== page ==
What I really like about the film is it takes you back to the imagery and the magic of a certain time, but it also has so much depth. It is not just something light and superficial that talks about clothes and fashion, It’s much more than that. It says a lot about people’s lives and dreams, and the importance of trying to achieve your dreams and strive to have a better life. In a way, Mrs. Harris is a revolutionary character. She changes people’s lives.
Some of the depth of this film is expressed by the complicated representation of a post-war French woman.
I didn’t just see her necessarily in the specificity of a French woman, but more as any woman of the Western world, not necessarily only French, but all women of the post-war period. My character, for example, is a working woman. Of course, in the end, you find out something behind the surface, but she is a hard-working woman. She’s not just staying at home. She has a certain social position in her life. She needs Mrs. Harris to reveal something about herself, and that’s what’s beautiful in this film, that Mrs. Harris is really a bridge for her, and not only for her but for many people in the house. She urges them to change their views on life and helps them find the confidence to change their lives. She is the catalyst. She makes that possible.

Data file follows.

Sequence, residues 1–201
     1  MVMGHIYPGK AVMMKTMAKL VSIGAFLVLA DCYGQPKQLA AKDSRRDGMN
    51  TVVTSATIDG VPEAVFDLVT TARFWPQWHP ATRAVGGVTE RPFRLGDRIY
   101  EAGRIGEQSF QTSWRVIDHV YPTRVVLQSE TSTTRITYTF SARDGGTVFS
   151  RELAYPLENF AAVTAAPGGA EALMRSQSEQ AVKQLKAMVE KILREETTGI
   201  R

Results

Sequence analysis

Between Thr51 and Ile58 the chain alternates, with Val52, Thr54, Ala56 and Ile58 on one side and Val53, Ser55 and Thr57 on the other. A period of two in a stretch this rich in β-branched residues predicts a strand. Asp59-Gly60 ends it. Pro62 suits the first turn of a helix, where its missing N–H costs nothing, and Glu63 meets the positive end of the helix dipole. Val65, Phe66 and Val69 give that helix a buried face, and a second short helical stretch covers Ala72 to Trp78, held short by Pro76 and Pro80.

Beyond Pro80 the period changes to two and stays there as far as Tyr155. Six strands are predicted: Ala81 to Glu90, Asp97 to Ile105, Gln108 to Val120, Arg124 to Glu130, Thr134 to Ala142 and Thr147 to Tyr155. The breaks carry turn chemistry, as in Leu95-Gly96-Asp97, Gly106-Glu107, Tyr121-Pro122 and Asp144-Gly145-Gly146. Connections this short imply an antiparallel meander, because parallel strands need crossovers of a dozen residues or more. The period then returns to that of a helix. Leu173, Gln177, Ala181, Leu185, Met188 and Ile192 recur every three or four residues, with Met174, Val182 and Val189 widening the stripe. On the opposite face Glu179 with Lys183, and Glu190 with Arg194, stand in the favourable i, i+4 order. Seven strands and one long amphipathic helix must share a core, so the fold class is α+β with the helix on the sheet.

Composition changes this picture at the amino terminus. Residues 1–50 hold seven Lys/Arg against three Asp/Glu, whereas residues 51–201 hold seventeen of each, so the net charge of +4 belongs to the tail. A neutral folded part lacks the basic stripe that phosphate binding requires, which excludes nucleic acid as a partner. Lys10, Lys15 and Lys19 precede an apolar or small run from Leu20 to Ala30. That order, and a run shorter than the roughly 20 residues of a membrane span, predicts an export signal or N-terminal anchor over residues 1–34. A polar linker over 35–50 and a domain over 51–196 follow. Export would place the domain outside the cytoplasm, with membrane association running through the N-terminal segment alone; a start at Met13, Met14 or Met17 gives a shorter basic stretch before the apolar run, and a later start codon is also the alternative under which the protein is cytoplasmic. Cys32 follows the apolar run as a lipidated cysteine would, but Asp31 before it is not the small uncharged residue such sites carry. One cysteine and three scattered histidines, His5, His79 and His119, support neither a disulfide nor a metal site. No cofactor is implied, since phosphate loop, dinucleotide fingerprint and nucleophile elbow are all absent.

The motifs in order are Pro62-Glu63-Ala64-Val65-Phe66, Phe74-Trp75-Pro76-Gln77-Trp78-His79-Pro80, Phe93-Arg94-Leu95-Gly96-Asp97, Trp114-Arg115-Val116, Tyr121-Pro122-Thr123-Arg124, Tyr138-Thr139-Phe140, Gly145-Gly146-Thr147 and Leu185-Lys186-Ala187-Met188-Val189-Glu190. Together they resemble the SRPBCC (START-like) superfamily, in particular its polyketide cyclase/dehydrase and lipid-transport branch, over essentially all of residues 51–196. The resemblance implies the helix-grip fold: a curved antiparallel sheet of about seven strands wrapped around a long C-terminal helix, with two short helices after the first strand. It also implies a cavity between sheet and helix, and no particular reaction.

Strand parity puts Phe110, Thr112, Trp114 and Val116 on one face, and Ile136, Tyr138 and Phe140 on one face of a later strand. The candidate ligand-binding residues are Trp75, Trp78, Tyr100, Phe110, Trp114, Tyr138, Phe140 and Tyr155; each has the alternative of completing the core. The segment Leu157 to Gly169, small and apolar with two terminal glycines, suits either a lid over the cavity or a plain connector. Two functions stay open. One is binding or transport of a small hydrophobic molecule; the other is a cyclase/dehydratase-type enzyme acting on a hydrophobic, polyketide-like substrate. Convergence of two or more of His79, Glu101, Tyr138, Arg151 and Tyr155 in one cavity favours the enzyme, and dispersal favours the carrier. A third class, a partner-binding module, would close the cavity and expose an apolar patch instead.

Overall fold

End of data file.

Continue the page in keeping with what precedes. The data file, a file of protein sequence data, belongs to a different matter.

As to Madame Colbert, what would you say is her hierarchy of concerns? What drives her choices?